Isaiah Thomas on Kobe Bryant's final game in Boston: 'He wouldn't care if it was your last game'

Celtics guard Isaiah Thomas grew up watching Kobe Bryant, but that won't stop him from trying to beat Bryant's Lakers in the star's last game in Boston on Wednesday night. Tommy Gilligan/USA Today Sports

BOSTON -- When Isaiah Thomas joined the Boston Celtics after being acquired at February's trade deadline, he did so in Los Angeles, where he sheepishly admitted his father was a die-hard fan of the Lakers, the team that Thomas would make his Boston debut against later that night.

And while Thomas was raised 1,000 miles north of Los Angeles in Tacoma, Washington, he was subject to a steady diet of purple and gold during his formative basketball years. Noted Thomas, "I was brainwashed to be a Lakers fan when I was young, so I grew up on Kobe Bryant and he was my favorite player."

Bryant is scheduled to make the final visit of his 20-year career to TD Garden on Wednesday night when the Celtics host the Lakers. Raised on Kobe, Thomas was asked what he thinks it will mean for Bryant to play his final game in Boston.

"He's the best player to ever play the game of basketball in my era. It’s going to be probably a little emotional for him. This is one of the most famous arenas," Thomas said. "It’s going to suck to see him go. But, at the same time, if it was the other way around, he wouldn’t care if it was your last game, so we gotta try to get the win and don’t let him have a big game."

For the Celtics, there are no remaining players from either the 2008 or 2010 teams that danced with Bryant and the Lakers in the NBA Finals. The last of those players, Rajon Rondo, was shipped out last December, a short time after a much-publicized breakfast with Bryant in Boston.

Now, the Celtics' locker room is filled with players in their early-20s, many of whom were barely old enough to dribble a basketball when Bryant made his NBA debut. Like Thomas, they grew up watching Bryant and likely mimicked him on their local playgrounds.

"He’s probably the best player in my era, so it speaks for itself what the NBA is going to miss," said Jae Crowder, who will be part of the group tasked with defending the 37-year-old Bryant. "I’m sure the TD Garden will give him a good welcome. I think he’s going to play well. I think he’s going to come out and try to play his best and remember a lot of tough battles here in his career, so we’re prepared for him. We’re prepared for the Lakers."

Marcus Smart, another of Boston's perimeter defenders likely to draw time on Bryant, was 3 years old when Bryant made his NBA debut in 1997.

"It was crazy watching Kobe and the things that he accomplished," Smart said. "He took a beating day in and day out, night after night. It's definitely going to be a fun night Wednesday."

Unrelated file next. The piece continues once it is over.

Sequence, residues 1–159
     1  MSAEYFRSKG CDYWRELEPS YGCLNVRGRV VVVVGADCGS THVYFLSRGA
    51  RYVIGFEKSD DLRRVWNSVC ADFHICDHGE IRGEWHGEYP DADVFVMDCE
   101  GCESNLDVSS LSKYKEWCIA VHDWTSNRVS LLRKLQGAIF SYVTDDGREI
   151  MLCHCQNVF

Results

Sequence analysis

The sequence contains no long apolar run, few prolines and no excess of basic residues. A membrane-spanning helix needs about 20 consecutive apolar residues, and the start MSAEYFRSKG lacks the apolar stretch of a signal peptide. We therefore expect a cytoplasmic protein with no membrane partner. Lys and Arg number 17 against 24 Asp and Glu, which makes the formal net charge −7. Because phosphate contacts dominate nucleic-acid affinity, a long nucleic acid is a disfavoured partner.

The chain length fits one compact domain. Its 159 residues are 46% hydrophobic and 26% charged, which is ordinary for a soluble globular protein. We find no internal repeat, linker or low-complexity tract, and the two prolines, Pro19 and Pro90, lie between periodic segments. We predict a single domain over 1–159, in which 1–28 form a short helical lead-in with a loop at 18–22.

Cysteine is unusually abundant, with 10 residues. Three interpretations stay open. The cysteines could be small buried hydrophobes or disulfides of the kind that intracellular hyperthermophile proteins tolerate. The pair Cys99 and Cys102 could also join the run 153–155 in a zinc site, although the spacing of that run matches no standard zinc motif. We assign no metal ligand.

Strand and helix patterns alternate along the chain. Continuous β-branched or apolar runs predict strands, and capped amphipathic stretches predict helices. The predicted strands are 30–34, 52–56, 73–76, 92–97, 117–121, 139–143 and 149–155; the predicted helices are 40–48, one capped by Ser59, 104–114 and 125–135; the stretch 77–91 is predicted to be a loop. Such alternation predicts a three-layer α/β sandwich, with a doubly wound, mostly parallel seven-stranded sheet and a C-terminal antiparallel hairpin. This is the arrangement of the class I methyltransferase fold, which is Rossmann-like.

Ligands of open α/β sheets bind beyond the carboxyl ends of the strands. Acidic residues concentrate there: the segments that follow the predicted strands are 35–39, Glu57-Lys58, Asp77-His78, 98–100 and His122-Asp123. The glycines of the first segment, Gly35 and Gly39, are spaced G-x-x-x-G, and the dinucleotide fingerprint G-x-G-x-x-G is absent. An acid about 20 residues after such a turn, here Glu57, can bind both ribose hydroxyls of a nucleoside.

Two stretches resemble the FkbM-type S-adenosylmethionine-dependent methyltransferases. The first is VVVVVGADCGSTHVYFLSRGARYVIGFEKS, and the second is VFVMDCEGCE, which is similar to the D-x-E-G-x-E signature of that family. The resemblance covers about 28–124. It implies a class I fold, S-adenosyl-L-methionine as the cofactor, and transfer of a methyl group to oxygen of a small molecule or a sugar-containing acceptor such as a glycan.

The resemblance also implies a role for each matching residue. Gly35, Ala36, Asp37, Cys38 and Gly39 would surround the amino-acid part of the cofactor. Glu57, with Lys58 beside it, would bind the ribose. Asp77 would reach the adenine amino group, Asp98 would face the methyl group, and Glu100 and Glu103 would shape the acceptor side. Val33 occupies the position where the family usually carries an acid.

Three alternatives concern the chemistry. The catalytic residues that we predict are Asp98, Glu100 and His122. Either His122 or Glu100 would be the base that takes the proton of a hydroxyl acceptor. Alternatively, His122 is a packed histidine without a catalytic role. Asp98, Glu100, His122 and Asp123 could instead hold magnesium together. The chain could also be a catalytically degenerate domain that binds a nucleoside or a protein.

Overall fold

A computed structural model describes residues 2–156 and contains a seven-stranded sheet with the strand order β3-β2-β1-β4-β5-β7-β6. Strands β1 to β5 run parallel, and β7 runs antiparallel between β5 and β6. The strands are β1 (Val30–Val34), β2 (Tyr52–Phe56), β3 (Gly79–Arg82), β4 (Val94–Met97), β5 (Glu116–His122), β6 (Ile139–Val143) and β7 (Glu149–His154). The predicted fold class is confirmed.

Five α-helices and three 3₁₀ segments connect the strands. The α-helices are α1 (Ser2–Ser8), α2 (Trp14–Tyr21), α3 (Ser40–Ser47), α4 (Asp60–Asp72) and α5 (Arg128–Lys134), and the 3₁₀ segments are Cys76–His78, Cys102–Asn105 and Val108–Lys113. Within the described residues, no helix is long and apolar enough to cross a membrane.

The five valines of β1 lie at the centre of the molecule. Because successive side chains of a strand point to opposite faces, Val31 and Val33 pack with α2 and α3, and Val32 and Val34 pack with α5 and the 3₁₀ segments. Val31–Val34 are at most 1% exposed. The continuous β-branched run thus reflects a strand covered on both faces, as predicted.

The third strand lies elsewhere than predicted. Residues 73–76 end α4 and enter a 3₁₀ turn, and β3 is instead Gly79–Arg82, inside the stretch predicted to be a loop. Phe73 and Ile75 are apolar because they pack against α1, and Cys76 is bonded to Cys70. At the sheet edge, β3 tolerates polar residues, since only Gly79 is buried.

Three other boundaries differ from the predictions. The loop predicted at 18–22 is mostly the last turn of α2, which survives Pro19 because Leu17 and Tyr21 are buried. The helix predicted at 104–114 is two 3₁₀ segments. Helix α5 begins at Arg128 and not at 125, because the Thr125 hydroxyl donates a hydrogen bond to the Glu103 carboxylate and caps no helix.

Evan Turner playfully barked when asked if he was a fan of Bryant growing up.

“That's the stupidest question you could have asked," Turner said. "I'm joking. Of course, man. I remember being 8 years old watching [Bryant win] the [1997] dunk contest. I pretty much spent my whole life watching him play. Kobe’s always a bright spot of my adolescence and the game in general."

Celtics coach Brad Stevens, who is less than two years older than Bryant, has a deep appreciation for Bryant despite coaching against him only once. Bryant scored 22 points in Boston's 113-96 triumph at TD Garden last December.

"Obviously, I’m a basketball fan so I have a great deal of respect for him," Stevens said. "I hear the players talk about him as a guy they’ve looked up to and that they’ve studied and that they’ve tried to learn as much as they can from. Hats off to him for having a great career and for going out the way that he wants to. He’ll certainly get a lot of applause along the way over the next couple of months. And deservedly so."

It will be interesting to see exactly how Boston fans respond to Bryant's final visit. New England sports fans typically have a deep appreciation for those that transcended the game, but Bryant is also a villain who denied the Celtics another banner in 2010. The guess here is that fans will salute Bryant for his contributions, but probably spend most of the night booing him.

As Thomas noted, the Celtics can't get too sentimental about Bryant's visit. Boston is riding a season-high four-game winning streak, and the focus must be on continuing to play well. The Lakers sit in the basement of the Western Conference and own the second-worst record in basketball.

While aware of the significance of Bryant's final game in Boston, these Celtics would prefer this just be another quiet night on the farewell tour.